In what management has touted as the boldest move yet in Applebee’s turnaround effort, oak-fired grills have been installed in all 2,000 units to change how more than 40 percent of the ailing chain’s menu tastes.
The focus will shift to hand-cut steaks. Guests will be able to choose the size of their sirloin (six, eight or 12 ounces) and have it grilled to order. The meat will be offered with a choice of two sides, including grilled veggies.
The new grills also will allow the chain to change the way it cooks chicken and salmon, and to add a wood-grilled bone-in pork chop to the menu, said Cammie Spillyards-Schaefer, VP of culinary and menu strategy for Applebee’s.
“Going forward, we are very focused on doing fewer things and doing those things better,” she said.
The grills, a combined 60,000 hours of training for meat cutters and a marketing campaign to support the introduction together represent an investment of more than $75 million by Applebee’s franchisees, parent company DineEquity said in a press release.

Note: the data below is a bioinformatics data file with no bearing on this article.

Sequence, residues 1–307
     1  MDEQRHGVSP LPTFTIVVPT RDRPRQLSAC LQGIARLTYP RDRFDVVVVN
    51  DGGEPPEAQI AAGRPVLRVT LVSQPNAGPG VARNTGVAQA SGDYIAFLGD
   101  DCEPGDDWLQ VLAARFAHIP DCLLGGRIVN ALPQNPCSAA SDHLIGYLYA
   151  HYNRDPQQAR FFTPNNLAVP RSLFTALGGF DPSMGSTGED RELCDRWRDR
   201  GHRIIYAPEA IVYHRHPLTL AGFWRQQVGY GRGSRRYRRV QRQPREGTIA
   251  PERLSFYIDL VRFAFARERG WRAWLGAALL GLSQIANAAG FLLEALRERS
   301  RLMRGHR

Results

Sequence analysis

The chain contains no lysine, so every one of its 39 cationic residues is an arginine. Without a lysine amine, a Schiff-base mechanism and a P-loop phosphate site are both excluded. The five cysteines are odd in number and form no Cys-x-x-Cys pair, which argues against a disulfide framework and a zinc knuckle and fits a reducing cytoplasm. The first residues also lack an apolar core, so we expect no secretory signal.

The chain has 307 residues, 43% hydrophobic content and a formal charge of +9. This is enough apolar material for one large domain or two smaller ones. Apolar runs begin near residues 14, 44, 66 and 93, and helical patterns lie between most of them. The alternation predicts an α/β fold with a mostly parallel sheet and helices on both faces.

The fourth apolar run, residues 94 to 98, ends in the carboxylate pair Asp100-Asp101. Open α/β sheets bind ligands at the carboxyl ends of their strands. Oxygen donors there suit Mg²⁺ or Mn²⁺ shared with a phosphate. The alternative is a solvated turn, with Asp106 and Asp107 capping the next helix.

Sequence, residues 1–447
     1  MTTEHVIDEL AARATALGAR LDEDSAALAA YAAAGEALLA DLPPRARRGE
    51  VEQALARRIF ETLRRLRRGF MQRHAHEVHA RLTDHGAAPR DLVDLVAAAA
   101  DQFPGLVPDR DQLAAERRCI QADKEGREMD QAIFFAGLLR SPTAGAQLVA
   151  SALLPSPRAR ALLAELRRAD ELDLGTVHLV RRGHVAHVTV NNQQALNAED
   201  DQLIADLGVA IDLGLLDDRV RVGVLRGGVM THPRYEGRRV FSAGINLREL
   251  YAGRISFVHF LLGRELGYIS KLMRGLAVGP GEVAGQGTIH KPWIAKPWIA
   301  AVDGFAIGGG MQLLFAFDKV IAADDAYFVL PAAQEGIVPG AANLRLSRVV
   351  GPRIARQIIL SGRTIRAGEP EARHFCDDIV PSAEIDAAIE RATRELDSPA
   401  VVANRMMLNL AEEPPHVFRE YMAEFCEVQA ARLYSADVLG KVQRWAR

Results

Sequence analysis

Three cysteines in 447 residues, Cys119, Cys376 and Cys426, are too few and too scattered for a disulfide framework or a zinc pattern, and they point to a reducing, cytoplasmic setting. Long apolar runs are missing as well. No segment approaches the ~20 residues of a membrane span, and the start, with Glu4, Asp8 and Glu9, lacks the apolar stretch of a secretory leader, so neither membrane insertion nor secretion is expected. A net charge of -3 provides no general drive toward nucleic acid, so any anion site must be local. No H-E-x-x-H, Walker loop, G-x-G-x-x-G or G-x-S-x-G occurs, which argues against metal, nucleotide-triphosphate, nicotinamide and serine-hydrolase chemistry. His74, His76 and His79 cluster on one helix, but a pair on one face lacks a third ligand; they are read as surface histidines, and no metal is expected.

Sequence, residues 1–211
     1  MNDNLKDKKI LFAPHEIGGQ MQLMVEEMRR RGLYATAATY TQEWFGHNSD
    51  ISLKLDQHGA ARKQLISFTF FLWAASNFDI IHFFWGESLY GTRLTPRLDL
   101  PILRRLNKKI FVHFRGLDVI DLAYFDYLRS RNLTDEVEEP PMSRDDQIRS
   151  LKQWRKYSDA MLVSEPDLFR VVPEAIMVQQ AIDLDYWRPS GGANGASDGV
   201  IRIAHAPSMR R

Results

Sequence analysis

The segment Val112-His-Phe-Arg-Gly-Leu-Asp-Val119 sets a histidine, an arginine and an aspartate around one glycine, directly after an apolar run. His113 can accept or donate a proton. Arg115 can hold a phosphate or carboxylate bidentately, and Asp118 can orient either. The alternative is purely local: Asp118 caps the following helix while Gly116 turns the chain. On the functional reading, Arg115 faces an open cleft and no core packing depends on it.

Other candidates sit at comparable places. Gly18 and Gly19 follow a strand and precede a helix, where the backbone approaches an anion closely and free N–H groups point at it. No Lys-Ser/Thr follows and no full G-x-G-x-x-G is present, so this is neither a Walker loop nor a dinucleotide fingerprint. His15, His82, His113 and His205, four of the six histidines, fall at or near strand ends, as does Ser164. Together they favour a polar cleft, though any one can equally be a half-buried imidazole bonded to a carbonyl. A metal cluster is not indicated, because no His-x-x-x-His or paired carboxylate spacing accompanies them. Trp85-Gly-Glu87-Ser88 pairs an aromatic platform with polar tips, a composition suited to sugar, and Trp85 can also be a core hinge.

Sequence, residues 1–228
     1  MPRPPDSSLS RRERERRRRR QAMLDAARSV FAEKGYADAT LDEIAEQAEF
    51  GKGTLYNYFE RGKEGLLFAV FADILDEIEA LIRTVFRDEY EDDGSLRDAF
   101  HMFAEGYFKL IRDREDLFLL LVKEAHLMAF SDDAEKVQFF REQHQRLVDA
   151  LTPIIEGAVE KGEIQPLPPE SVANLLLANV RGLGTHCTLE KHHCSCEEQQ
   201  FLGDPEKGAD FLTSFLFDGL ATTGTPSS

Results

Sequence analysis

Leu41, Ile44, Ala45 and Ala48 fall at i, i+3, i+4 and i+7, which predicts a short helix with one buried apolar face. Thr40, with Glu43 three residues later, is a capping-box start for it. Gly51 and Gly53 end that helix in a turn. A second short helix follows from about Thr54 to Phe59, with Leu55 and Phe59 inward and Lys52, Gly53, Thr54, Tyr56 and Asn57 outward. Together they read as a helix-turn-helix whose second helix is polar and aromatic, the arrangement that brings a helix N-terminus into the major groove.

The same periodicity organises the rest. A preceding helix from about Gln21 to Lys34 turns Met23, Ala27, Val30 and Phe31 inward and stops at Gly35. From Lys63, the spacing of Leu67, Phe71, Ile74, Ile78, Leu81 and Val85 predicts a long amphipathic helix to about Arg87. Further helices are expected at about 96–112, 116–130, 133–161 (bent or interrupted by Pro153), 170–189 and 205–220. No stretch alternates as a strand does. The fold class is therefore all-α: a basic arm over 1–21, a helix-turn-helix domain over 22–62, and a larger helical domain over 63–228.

The menu makeover is what the chain is calling “the first chapter in the reinvention of the Applebee’s brand.”
“We’re in the midst of a business transformation at Applebee’s and we are recommitting ourselves to every aspect of the guest experience—food is, of course, central to that,” said DineEquity CEO Julia Stewart.
Same-store sales at Applebee’s continued a downward trend during the first quarter of 2016, falling 3.7 percent year over year. The Q1 dip was the chain’s most significant in recent quarters, following a 2.5 percent slide in Q4 and a 0.5 percent drop in Q3 of last year.
To get the “hand-cut wood-fired” message out, a new series of ads will break Monday night on TV, online and in movie theaters.